The ‘why’ behind the ‘who’ and ‘what’

In journalism, there are 5W’s (who, what, why, where, when) and 1 H (how?).

Of those, the most important is the “why.” An obituary today for a native Minnesotan journalist provides more proof.

Ben Silver died yesteday at his home in St. Louis Park. He was a TV reporter for CBS News before a career as a journalism professor. His “what” is a who’s who of historical moments.

But the “why” of his life’s chosen work is a better story…

At 17, Silver dropped out of high school to join the Army in honor of his oldest brother, Morris, who had died fighting shortly after landing at Normandy. It wasn’t until college that Silver discovered a love for reading and learning. On the GI bill, Silver earned a bachelor’s in speech from the University of Iowa. He had intended to go to law school. But while working the potato line at the university’s cafeteria, a friend who passed through regularly convinced him to pursue journalism. After graduation, Silver moved back to New York, met and married his first wife and worked for his father managing his apartment buildings. But Silver said he never wanted to be a businessman. He wanted to be a journalist, specifically on CBS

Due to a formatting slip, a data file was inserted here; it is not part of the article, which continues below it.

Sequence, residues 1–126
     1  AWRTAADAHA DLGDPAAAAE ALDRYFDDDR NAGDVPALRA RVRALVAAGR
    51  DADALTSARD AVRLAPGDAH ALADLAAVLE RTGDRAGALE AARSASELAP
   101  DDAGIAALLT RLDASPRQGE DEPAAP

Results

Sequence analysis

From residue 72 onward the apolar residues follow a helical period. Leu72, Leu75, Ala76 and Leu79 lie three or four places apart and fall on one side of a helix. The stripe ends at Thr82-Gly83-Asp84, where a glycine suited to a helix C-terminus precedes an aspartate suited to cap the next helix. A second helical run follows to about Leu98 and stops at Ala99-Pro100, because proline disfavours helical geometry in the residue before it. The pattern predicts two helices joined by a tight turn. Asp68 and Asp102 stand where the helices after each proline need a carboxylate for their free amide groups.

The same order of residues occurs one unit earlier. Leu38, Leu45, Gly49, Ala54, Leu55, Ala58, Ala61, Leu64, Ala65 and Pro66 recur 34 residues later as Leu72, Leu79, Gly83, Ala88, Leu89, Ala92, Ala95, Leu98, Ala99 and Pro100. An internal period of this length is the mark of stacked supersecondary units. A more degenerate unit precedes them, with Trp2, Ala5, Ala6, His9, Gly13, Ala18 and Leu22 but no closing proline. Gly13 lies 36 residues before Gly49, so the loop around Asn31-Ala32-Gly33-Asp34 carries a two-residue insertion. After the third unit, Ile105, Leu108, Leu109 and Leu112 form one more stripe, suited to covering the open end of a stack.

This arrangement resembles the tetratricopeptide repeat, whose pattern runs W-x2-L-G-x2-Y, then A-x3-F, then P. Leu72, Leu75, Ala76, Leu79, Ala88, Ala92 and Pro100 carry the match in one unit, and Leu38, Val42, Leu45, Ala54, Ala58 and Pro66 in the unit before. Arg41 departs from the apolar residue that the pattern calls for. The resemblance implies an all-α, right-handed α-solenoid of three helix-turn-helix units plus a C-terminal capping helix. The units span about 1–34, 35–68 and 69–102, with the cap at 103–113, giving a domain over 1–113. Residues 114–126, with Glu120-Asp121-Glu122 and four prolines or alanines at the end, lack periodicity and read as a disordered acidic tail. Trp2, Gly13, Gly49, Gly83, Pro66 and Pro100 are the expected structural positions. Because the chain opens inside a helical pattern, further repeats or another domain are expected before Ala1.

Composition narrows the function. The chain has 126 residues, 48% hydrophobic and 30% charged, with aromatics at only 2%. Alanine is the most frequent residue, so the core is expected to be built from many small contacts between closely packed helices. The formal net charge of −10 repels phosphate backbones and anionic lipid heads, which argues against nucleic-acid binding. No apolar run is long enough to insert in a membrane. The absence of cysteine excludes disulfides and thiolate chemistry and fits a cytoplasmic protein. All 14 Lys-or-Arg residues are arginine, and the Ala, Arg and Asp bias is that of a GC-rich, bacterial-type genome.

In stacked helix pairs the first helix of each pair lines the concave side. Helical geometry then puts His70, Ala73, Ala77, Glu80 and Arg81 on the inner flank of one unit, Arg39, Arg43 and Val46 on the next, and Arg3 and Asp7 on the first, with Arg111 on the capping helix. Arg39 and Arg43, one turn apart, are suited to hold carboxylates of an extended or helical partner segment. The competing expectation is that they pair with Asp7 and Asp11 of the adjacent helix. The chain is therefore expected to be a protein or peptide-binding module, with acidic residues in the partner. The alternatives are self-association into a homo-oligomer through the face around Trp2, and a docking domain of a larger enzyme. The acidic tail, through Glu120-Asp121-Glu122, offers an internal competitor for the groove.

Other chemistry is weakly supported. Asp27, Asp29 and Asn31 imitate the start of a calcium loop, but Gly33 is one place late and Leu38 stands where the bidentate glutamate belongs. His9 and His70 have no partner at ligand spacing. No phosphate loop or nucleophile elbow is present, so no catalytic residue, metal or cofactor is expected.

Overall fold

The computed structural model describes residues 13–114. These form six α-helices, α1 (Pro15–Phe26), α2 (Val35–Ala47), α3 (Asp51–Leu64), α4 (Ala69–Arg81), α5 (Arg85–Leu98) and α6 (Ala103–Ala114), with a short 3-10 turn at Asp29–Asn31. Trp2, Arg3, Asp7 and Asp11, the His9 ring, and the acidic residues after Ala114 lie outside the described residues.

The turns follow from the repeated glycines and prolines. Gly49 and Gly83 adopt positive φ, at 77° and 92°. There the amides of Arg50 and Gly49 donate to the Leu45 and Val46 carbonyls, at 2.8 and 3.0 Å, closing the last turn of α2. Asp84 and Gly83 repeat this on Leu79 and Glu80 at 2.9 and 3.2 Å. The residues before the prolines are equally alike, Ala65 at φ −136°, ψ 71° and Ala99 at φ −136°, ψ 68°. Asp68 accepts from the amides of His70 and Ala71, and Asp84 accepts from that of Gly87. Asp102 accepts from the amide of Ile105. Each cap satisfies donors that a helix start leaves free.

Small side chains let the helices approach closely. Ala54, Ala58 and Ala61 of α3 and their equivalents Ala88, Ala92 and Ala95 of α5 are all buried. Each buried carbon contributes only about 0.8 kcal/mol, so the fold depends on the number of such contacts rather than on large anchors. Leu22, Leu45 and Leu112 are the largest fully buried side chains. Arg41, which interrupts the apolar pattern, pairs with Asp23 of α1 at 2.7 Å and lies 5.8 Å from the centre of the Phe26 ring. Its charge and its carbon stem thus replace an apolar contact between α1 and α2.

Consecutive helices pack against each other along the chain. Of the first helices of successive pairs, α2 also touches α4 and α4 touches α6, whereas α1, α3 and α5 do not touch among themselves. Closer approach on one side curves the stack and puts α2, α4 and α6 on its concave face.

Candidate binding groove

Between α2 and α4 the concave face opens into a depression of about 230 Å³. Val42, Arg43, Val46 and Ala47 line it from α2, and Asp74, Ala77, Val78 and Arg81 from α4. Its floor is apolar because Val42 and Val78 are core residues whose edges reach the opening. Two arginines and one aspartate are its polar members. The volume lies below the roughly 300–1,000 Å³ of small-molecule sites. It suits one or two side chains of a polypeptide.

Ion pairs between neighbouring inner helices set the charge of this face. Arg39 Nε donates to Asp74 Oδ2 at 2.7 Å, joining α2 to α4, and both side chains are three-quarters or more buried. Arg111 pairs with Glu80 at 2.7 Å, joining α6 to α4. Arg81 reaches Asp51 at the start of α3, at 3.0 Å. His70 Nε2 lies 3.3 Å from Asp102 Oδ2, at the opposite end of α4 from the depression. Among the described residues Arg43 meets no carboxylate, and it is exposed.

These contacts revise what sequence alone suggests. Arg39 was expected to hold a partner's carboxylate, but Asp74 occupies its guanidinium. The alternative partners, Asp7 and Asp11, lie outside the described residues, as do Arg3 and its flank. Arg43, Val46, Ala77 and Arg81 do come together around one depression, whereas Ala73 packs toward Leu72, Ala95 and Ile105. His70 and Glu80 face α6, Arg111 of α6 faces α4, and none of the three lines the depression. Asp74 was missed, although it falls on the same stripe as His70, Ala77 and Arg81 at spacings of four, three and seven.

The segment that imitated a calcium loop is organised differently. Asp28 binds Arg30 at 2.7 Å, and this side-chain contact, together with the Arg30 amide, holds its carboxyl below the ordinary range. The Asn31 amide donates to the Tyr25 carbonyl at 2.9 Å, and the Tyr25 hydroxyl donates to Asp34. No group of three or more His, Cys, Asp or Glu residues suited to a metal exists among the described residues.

When we meet people, we often ask “what do you do?” How much more interesting would it be if we just asked “why do you do what you do?” With any luck at all, the answer will involve working the potato line at a cafeteria.

  • Jeff

    Another wonderful line:

    “While covering the Chicago riots for CBS, Silver met his future wife, Linda Rude, at a club. He spotted the young, blue-eyed beauty wearing a nursing uniform and asked her to dance. The two dated long distance and married a year later. Together they had three children. ”

    Now I understand why you love to read the obits., Bob.

  • Bob Collins

    Isn’t it beautiful? When I was a young journalism student, it was pointed out to me that the obituary page — at least at that time — was the second-most-read page of the daily paper.

    I couldn’t believe it. What’s wrong with people?

    Now, of course, I understand. The best stories you can read, are on the obit page.

    And not just because I’m getting closer to being one of them.

  • kay smith

    The obituary of the father of a friend read in part, “We (3 sisters) promise to have the oil changed in our cars on schedule.” Such a droll and sweet thing to put in their dad’s obit.